The ‘workforce elite’ in America today are public sector employees and they, led by state and municipal unionized workers, are now in open revolt to preserve their special status, and the status quo. Wisconsin is the current case study in what happens when the government, a monopoly service provider, confronts the fact that the taxpayer is tapped out and can’t take it anymore – and there simply isn’t enough money anymore. Those realities are going to result in major adjustments in worker incomes, future pensions and benefits and their overall standard of living. Let me explain. Words: 2137
The charade is over. American taxpayers finally seem to be aware that they are the servants, not the masters, of government at all levels. Government-employee unions have played a key role in causing bankruptcy in most American states, and their pleas for more bailouts financed by endless tax increases are finally ringing hollow. Words: 1192
A new financial policy initiative known by the label “Financial Repression” may soon become our worst nightmare. ‘Repression’ rhymes with ‘depression’ which could be what we have to look forward to as rampant price inflation and permanently lower living standards take hold. Get ready to be conscripted into a citizen army assembled for the greater cause of saving the nation from being swamped by a tsunami of debt. Let me explain. Words: 1585
Our empirical research ( Growth in a Time of Debt) on the history of financial crises and the relationship between growth and public liabilities shows that burdens above 90% are associated with 1% lower median growth – and the United States’ debt level is currently hovering around 90% on a gross basis and 60% netting out assets. Politicians like to argue that their country will expand its way out of debt but our historical research suggests that growth alone is rarely enough to achieve that…[given] the debt levels we are experiencing today…[As such,] we need to be cautious about surrendering to the “this-time-is-different” syndrome and decreeing that surging government debt isn’t as significant a problem in the present as it was in the past. [Let us explain why.] Words: 1175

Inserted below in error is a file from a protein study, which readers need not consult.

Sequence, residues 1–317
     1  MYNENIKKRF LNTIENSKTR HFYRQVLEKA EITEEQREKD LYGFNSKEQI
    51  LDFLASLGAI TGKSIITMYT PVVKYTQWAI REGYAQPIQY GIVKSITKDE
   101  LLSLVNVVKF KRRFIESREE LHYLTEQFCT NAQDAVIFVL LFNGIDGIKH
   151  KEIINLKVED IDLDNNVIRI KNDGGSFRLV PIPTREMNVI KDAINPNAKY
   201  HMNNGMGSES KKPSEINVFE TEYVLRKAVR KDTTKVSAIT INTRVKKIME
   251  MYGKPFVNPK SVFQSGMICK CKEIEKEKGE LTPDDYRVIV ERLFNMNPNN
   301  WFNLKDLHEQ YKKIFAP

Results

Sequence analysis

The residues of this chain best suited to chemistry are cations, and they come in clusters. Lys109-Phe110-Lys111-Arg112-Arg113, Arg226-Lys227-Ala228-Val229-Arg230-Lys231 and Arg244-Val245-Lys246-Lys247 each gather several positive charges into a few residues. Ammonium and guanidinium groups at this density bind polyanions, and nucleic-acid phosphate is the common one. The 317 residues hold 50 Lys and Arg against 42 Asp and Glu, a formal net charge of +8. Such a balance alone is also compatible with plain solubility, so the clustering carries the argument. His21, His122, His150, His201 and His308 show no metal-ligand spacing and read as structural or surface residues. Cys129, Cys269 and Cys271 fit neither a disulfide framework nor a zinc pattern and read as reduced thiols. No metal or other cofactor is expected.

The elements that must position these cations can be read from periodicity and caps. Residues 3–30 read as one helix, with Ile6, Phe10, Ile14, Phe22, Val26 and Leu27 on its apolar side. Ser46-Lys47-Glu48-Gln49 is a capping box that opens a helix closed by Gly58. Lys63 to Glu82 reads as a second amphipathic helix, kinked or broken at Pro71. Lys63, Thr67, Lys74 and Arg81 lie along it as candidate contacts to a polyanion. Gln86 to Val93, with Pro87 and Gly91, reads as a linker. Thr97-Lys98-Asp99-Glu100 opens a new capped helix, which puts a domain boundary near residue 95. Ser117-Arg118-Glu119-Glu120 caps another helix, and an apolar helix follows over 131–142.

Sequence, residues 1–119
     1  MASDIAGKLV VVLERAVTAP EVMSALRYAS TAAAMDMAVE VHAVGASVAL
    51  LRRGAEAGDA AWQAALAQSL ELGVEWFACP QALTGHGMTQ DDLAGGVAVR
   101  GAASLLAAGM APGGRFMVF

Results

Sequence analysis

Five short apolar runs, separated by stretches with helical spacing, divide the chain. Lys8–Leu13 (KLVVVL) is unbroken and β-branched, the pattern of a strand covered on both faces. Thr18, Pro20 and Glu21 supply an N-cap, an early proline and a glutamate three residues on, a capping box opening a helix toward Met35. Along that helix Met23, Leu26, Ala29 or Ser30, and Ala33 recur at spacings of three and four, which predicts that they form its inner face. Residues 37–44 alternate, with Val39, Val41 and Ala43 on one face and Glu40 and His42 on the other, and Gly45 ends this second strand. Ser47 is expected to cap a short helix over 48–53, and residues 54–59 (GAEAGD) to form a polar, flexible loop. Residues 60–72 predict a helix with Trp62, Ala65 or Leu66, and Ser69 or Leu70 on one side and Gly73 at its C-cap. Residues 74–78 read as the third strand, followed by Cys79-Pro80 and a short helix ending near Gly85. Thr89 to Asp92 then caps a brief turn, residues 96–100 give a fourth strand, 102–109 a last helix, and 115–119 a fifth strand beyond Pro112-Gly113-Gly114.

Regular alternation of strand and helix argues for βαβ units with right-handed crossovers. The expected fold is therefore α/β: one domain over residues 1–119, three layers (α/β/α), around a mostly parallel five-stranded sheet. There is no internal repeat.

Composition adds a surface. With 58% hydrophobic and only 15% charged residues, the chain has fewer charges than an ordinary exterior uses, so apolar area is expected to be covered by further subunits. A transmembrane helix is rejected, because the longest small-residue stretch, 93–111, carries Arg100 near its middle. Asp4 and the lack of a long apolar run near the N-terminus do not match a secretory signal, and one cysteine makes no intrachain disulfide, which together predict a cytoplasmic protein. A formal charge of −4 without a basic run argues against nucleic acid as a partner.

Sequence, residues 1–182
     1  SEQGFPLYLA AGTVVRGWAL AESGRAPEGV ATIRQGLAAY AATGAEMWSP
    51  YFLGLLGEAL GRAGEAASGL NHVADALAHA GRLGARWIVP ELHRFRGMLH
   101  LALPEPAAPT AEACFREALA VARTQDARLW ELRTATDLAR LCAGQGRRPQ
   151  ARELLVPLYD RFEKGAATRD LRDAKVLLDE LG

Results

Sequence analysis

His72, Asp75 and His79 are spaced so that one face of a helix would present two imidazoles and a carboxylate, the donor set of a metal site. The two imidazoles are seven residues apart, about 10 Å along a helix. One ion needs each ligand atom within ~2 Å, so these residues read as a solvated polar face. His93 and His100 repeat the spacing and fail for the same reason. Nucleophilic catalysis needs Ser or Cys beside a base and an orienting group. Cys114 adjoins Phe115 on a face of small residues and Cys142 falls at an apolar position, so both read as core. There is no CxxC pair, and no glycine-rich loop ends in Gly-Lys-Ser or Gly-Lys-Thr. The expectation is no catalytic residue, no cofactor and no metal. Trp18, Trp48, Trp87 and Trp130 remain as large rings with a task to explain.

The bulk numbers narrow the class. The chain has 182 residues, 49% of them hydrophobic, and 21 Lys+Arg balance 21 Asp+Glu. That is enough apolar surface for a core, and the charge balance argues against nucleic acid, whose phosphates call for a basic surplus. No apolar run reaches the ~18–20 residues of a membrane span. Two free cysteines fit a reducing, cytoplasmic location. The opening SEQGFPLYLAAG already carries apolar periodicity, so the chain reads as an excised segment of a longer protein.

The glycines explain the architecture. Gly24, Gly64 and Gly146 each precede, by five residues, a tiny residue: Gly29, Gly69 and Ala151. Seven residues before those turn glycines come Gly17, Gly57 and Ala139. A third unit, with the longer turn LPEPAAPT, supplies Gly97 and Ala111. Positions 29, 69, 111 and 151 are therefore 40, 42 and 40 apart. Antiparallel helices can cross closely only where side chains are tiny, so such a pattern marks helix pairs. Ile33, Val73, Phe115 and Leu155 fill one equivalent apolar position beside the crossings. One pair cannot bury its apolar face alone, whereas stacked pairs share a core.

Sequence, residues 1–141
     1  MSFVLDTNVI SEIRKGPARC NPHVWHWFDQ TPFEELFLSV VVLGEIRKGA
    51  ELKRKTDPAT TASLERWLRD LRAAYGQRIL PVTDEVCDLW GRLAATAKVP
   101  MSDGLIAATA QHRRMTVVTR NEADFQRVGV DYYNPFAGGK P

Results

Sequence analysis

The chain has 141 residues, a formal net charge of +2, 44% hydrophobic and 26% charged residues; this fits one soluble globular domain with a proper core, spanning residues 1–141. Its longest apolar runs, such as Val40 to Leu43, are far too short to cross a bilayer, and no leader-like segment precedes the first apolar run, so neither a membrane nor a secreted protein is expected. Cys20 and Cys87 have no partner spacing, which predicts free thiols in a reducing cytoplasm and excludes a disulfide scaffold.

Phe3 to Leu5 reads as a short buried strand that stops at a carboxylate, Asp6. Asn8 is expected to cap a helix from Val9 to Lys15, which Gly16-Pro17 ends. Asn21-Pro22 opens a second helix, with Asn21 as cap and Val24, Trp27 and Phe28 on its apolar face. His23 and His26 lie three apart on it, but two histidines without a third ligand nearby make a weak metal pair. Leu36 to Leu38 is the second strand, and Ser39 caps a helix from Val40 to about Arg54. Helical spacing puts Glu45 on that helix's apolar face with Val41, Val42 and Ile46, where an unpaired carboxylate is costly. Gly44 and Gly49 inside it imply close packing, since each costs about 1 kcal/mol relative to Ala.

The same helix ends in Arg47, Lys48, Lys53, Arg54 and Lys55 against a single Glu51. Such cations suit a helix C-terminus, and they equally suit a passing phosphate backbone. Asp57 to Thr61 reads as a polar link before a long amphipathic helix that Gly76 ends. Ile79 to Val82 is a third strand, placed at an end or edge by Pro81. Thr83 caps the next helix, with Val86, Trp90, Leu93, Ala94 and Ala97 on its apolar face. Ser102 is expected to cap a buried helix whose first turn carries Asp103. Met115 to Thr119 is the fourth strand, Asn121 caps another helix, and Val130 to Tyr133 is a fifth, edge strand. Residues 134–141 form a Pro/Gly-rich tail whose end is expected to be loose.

One of the things that’s being lost in the welter of rhetoric around the debt crises of sovereign nations is that these are not normal debtors, and government debt is not the same as personal debt. If you or I are in debt we are obliged to fulfil the terms of our repayment obligations or to go bankrupt or to pretend to die and go off and live on the life insurance. A country in the same situation has a range of other measures available to it…[Let’s explore their options and what their implications would be for the country and its citizens.] Words: 1145
Financial Repression is a form of wealth confiscation and redistribution that is in some ways as effective as taxation – but the government never directly calls it that. It never appears in the budget (directly), and while it is dependent on a comprehensive network of laws and regulations – none of those go through the legislature with a stated intention of creating Financial Repression. So while the economic net effects are similar to a huge and comprehensive set of investor taxes being used to pay down the national debt, the “taxes” are never a campaign issue because voters and investors don’t understand what is happening – they only feel the results. [In this article I lay out for you what is slowly developing and expected to escalate dramatically in the next few years.] Words: 5800
Get ready to be financially conscripted into a citizen army assembled for the greater cause of saving America from being swamped by a tsunami of debt as a new policy initiative known as “financial repression” takes hold. ‘Repression’ rhymes with ‘depression’ and that is what we may have to look forward to as rampant price inflation and permanently lower living standards take hold as a result. Let me explain. Words: 1797